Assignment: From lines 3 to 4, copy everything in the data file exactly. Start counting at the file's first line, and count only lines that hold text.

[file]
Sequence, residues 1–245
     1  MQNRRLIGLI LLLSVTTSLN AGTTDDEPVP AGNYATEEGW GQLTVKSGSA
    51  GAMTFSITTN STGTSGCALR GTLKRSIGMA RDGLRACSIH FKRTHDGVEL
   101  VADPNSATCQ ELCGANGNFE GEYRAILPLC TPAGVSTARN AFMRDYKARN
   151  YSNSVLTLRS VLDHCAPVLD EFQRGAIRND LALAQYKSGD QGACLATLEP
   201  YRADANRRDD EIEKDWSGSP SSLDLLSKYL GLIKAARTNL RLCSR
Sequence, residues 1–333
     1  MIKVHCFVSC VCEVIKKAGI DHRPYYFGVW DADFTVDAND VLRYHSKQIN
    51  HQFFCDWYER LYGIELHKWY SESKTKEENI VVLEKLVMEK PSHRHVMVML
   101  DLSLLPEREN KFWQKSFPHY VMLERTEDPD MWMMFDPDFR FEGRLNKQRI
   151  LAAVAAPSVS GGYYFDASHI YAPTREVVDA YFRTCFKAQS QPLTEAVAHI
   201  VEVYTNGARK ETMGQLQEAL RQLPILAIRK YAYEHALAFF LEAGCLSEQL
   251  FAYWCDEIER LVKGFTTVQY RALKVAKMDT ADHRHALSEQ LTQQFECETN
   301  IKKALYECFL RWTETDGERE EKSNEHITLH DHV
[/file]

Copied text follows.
    51  GAMTFSITTN STGTSGCALR GTLKRSIGMA RDGLRACSIH FKRTHDGVEL
   101  VADPNSATCQ ELCGANGNFE GEYRAILPLC TPAGVSTARN AFMRDYKARN